History of the regulators and moderators and the Shelby County war in 1841 and 1842, in the republic of Texas, with facts and incidents in the early history of the republic and state, from 1837 to the annexation, together with incidents of frontier life and Indian troubles, and the war on the reserve in Young County in 1857 Page: 20 of 42
This book is part of the collection entitled: From Republic to State: Debates and Documents Relating to the Annexation of Texas, 1836-1856 and was provided to The Portal to Texas History by the UNT Libraries.
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On our way to this place, where the capture was made, we found an entire
captain's company assembled to protect these men, but we passed through their
ranks, and by our rapid movements and silence so confused them that we were
suffered to pass and get entirely clear without molestation. We started on our
return, and arriving in the town of Crockett, found that Strickland had procured
a writ to be issued and placed in the hands of the sheriff for the arrest of
Morman, myself and three others, who were not with us, but supposed to be
part of our posse. The sheriff commenced summoning a body of men to assist
in our apprehension, but on proper representations from a man acquainted with
us, came alone to use, told his business, when we surrendered to him and
returned into the town of Crockett. We sent an officer with a writ for the arrest
of Jim Strickland, who was six miles from town. The town was full of people.
We exhibited our authority to them and told our business, but we found a large
majority opposed to us-only about one-fourth being in our favor. One
Josephus Moore attempted to create the impression that he was our friend, but
after looking well at him, I decided that he could not be depended upon. A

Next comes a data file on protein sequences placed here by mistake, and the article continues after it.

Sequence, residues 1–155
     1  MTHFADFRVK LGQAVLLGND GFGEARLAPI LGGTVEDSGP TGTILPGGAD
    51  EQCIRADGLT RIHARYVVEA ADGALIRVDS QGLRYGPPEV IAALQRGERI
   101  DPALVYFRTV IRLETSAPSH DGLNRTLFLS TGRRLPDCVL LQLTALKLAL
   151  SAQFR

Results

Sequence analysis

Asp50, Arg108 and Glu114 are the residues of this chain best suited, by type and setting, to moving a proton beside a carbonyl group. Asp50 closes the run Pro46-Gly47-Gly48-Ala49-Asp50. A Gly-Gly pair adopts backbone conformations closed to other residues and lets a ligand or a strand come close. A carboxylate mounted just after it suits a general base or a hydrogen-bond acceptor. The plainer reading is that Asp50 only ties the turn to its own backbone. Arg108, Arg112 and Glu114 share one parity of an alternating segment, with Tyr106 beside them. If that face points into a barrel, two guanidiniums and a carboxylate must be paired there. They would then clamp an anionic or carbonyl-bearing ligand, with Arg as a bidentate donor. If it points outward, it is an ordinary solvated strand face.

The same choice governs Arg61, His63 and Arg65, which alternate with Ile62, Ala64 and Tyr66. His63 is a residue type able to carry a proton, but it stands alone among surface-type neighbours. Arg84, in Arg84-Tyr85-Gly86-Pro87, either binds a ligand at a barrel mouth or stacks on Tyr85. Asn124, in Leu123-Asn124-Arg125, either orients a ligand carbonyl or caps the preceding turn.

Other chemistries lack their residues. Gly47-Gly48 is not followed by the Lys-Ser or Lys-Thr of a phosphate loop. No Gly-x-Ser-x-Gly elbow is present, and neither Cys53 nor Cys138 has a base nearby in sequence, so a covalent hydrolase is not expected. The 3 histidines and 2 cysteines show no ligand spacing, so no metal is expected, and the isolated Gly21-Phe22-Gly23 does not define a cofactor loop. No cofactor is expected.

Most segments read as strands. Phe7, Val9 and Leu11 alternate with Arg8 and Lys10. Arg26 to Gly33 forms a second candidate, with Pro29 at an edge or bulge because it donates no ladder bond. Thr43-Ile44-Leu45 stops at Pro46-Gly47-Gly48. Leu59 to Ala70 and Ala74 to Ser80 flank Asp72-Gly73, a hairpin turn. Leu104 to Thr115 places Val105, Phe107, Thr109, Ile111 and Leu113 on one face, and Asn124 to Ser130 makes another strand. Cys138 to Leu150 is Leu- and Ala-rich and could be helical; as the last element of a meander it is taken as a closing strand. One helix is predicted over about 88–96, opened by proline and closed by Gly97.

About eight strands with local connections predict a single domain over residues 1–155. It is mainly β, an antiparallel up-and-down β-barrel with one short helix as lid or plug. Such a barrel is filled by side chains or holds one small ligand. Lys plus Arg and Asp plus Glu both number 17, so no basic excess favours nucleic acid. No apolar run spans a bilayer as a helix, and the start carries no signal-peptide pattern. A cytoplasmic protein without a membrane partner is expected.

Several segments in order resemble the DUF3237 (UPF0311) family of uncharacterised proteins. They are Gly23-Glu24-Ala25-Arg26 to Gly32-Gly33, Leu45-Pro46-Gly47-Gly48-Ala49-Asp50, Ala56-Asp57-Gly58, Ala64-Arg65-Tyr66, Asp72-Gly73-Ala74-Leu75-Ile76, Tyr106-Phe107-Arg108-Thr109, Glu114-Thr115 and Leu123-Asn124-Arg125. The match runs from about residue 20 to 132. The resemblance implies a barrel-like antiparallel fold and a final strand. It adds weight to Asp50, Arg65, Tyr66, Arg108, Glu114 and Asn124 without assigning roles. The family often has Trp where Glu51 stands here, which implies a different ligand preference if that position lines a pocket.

trial was demanded at once and without waiting for the man, Strickland, who
had caused our detention. During the progress of the trial I observed that a
great many guns were brought up to the room in which the trial was had, and
afterwards learned that an effort was to be made to take my life. A difficulty
was to have been commenced and twenty-four guns were ready to be used
against me alone. As I left the room I was accosted by a man whose
business it was to begin or bring on the difficulty. Col. Morman drew his attention
from me, and I was then accosted by a man named Clapp. These men,
leaving us, ran across the street to Moor's tavern, and I mounted my horse standing
at the door, and here also were my prisoners and guard, and by a concerted
movement we wheeled our horses and placed the prisoners between us and the
tavern where their friends were stationed, and went rapidly out of town. Immediately
a crowd of sixty men assembled and followed, but we traveled faster than
they; they continued in pursuit until they reached the residence of one-eyed
Williams, twenty-five miles, where they supposed we would stop for the night
and being informed by him that we had passed that place some hours before,
they turned back. We camped that night thirty-nine miles from Crockett, on
our return to Shelby county. We met with no more trouble, and on my arrival
I sent out five men to notify the people to be in Shelbyville on the ensuing Saterday
at twelve o'clock, M. Next morning we went to the widow Moore's for
breakfast, when we were visited by many citizens, and there being men enough
to relieve the old guard, the prisoners were placed under their charge, and we
were advised to take our needed rest. The new guard becoming careless and
too confident, presented an opportunity and John McFadgin attempted to make
his escape, and ran some distance, but I overtook him in the bed of a branch
near by and brought him back. Again Bill McFadgin seeing what he supposed
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Middleton, John W. History of the regulators and moderators and the Shelby County war in 1841 and 1842, in the republic of Texas, with facts and incidents in the early history of the republic and state, from 1837 to the annexation, together with incidents of frontier life and Indian troubles, and the war on the reserve in Young County in 1857, book, January 1, 1883; Fort Worth, Texas. (texashistory.unt.edu/ark:/67531/metapth2362/m1/20/: accessed April 24, 2017), University of North Texas Libraries, The Portal to Texas History, texashistory.unt.edu; .